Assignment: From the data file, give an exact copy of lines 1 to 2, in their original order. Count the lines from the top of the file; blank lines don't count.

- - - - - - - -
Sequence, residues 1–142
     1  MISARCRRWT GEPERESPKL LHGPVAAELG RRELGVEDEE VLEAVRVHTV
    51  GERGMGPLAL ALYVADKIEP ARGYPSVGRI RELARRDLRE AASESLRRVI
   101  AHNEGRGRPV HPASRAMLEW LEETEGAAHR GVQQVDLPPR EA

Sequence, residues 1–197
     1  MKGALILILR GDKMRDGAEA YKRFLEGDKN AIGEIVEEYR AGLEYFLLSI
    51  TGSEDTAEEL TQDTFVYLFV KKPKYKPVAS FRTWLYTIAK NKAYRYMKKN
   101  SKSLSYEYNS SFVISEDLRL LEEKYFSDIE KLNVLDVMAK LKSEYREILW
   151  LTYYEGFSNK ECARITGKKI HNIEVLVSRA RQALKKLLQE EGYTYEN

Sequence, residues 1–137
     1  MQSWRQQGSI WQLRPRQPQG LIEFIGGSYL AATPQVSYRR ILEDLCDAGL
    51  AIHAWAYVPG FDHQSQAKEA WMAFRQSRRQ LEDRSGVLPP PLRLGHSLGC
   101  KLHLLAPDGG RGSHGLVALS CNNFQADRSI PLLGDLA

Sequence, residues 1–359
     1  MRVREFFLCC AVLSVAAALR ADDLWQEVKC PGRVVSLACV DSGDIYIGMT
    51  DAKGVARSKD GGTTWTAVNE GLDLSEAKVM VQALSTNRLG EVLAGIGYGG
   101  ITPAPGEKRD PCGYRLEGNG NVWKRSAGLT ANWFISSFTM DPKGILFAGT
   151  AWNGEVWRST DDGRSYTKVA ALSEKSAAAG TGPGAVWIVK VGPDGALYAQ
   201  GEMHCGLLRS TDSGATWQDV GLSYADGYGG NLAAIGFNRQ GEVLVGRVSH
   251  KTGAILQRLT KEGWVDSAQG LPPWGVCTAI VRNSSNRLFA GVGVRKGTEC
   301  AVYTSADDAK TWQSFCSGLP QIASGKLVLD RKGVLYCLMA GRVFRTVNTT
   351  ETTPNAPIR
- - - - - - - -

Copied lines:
Sequence, residues 1–142
     1  MISARCRRWT GEPERESPKL LHGPVAAELG RRELGVEDEE VLEAVRVHTV